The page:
Impacts of Birth Intervention & Understanding Infant Competence: Q&A with Cathy Watson Genna

As one of the leading experts on assisting infants with anatomical, genetic, or neurological challenges to feed, we at Lactation Matters are thrilled to talk with Cathy Watson Genna, IBCLC.

As the author of two essential books for lactation professionals (Selecting and Using Breastfeeding Tools: Improving Care and Outcomes and Supporting Sucking Skills in Breastfeeding Infants), we spoke with her about issues faced by new families in the early days.

Want to learn more? Hear her at the upcoming 2019 ILCA Conference, 24-27 July in Atlanta, Georgia, USA.

Lactation Matters (LM): As practitioners, we see how often families face huge barriers at the start of their feeding relationship. What do you see as the places they struggle most? 

Cathy Watson Genna (CWG): Birth interventions are a huge barrier as they can interfere with both mother and baby’s competence for breastfeeding. Sometimes, we need to use technology or medication to safeguard the dyad during birth, but these things are over-applied and have consequences for breastfeeding.

Another major issue is the infant incompetence model. Thinking that 
babies need control rather than support interferes with breastfeeding.

LM: Are the barriers consistent around the world?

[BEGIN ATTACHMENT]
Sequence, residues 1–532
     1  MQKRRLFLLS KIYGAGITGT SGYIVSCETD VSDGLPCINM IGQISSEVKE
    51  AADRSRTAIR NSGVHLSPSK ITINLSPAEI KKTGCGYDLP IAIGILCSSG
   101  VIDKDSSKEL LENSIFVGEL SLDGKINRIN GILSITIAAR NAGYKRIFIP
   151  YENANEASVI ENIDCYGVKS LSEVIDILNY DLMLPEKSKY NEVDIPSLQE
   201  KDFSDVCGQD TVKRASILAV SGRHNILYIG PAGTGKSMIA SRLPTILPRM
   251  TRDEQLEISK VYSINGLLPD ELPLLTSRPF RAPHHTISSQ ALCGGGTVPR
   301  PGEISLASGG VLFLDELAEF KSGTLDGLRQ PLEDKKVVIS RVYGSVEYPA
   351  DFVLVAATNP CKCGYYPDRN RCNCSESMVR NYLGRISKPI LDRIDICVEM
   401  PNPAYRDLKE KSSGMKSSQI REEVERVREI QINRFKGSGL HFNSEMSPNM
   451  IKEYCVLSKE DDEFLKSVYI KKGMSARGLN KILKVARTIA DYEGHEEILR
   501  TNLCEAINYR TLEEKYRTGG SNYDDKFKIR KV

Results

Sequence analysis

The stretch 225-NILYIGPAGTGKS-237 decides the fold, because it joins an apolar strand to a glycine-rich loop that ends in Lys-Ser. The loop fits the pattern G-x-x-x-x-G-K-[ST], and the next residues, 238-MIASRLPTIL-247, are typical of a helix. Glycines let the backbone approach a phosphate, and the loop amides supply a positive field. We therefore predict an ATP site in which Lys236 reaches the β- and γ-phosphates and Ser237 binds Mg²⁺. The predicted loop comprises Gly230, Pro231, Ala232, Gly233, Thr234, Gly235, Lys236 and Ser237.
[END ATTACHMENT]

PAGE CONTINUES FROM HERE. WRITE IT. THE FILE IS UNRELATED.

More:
CWG: Birth interventions are common all over the world. In some countries of the world, even those where incomes are low, Cesarean rates are high and can impact breastfeeding. Even nations that do not struggle with breastfeeding initiation still have difficulty supporting parents to sustain breastfeeding and breastfeed exclusively.

LM: How can we, as lactation professionals, best support families in the early days?

CWG: In addition to incorporating brief supportive education into prenatal 
care, we can help parents see their infant as competent so they don’t over-control their baby and thwart their breastfeeding behaviors. We can facilitate sensitive parenting by helping families understand their infant’s communication and needs.

Learn more from Cathy and other leading experts. Join us at #ILCA19.

0

2019 ILCA Elections: Board of Directors

The ILCA Board of Directors presents the following ballot for ILCA voting members to:

  • select the next Board Secretary;
  • ratify one Board member’s second term; and
  • ratify the candidate for President-Elect.

Balloting commences 24 April 2019 and concludes 08 May 2019, at which time all electronic votes will be tallied by the ILCA staff.

All ILCA members who are certified as an International Board Certified Lactation Consultant® (IBCLC®) and are in good standing will receive an email from ILCA on 24 April 2019 containing a link to the ballot (subject line: Your 2019 ILCA Board of Directors Ballot).